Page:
Now food is the driver and excellent it is too with fish and chips and prime beef burgers amidst the risottos, sea bass duck breast and the ‘Specials Board’.  The fish platter shared was very good and despite the walk from Bodiam Castle I forwent beer for a chilled white wine and a pint of soda water on this hot day sat in the garden – very un-Rambler like.

It has that comfortable air inside with little rooms, old table and odd chairs, fires in winter and this particular July Thursday afternoon, a choir rehearsing in the back room.

Service too is very good, attentive without being demanding.

Increased trade has increased the quality of the beer with Harvey’s Best, Long Man Blonde, Sharpe’s Doom and Fuller’s Oliver Island on offer on my walking day.

Remember before you leave add a few coins to the collecting box on the bar – for the village geese – and be especially careful when you drive away to avoid the noisy birds.

I was walking 1066 Harold’s Way (Bodiam Castle to Battle Abbey via Sedlescombe) inspired by King Harold’s epic march to the Battle of Hastings.

 

It is the final section of this long-distance walk, from Westminster Abbey to Battle Abbey, and with just three miles to go it is worth stopping for a pint.

 

The Queen’s Head, The Green, Sedlescombe, East Sussex, TN33 0QA  Tel.  01424 870228

http://www.thequeensheadsedlescombe.com

CAMRA WhatPub

A Last Few Goodbyes

IMGP0071

Rotherhithe, July 1620

Men women and children clamouring excitedly waiting to board ship, their usual demeanour forgotten in the face of persecution and the opportunity for a new beginning.

What few possessions they owned were already loaded and as the tide rose, the ship creaked and rocked in the water and a few goodbyes were made as the last of the 65 passengers boarded.

Rotherhithe was the Mayflower’s home port and she had been carrying wine from the continent but, curiously and unusual for a ship trading to London, there was no record of any voyages of Captain Jones’s Mayflower from 1616. Such a ship would not usually disappear from the records for such a long time and one wonders what cargo she had been running but in any event, Captain Jones found time to take these Pilgrims to the New World.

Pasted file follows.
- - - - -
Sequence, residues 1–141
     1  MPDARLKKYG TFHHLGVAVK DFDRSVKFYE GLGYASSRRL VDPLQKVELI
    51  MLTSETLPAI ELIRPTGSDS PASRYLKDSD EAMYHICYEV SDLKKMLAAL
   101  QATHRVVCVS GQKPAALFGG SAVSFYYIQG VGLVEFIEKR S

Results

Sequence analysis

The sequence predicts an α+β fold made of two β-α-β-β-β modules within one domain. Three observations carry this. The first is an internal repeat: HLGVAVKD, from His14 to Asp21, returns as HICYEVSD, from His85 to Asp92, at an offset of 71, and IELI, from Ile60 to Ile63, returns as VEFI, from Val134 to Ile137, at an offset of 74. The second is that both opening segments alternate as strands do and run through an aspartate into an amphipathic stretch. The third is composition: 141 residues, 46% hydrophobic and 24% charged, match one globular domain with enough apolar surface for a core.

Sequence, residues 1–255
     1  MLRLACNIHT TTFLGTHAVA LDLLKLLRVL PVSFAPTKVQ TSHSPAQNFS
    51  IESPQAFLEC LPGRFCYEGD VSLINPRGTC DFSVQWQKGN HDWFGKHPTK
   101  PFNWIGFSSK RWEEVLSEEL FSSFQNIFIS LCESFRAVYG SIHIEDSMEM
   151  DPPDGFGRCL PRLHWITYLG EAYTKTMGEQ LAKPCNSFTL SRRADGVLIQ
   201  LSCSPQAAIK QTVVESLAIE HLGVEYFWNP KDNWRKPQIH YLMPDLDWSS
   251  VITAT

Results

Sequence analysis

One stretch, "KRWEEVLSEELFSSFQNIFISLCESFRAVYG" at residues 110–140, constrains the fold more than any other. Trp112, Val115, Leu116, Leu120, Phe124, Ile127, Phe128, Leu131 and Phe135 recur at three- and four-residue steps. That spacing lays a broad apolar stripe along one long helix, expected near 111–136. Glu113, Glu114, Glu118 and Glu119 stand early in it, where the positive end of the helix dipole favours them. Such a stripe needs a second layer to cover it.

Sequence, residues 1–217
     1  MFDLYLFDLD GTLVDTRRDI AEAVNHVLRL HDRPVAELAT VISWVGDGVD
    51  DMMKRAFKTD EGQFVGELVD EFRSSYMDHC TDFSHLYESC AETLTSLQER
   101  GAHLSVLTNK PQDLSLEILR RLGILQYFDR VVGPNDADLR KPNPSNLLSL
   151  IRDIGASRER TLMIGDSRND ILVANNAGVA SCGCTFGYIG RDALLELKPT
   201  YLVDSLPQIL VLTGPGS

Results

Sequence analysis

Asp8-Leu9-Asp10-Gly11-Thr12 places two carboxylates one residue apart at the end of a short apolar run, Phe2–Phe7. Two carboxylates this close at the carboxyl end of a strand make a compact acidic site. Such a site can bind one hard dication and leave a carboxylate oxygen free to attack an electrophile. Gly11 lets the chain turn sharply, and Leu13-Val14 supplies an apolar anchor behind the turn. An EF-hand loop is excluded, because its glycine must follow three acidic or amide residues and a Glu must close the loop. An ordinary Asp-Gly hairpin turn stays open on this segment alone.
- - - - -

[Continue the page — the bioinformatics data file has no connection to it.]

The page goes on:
Other ships lined the wharves, loading and unloading cargo and the noise of men and carts and horses, oaths shouted, orders given and the smell of the Thames would almost be the last that these people would remember of their capital, although they would have a final stop at Plymouth before fleeing England.

Next to where the Mayflower lay was The Shippe, a beer house, ignored by the Brethren for they did not drink, but much enjoyed by sailors and traders. Deals were done in the small dark candlelit rooms, buying and selling who knows what in this remote wharf, downstream from London Bridge and the city. Beyond the few houses that made up Rotherhithe were streams and marshes that drained into the great river and it would not be until the end of the century that great man-made docks would begin to be built that would transform the riverside.

Eventually, after being rebuilt in the 18th and 20th centuries and renamed The Mayflower, the pub remains a lure for regulars and visitors and for walkers along the Thames Path and 1066 Harold’s Way.

Image result for mayflower pub images 

There are still small rooms, wooden floors and tables were the day’s events can be readily discussed but now the sunlight streams through the windows and those dark days can only be imagined.

Walk 1066 Harold’s Way to one of London’s great pubs and share in its history.

www.1066haroldsway.co.uk

http://www.mayflowerpub.co.uk/

https://whatpub.com/pubs/SEL/10711/mayflower-rotherhithe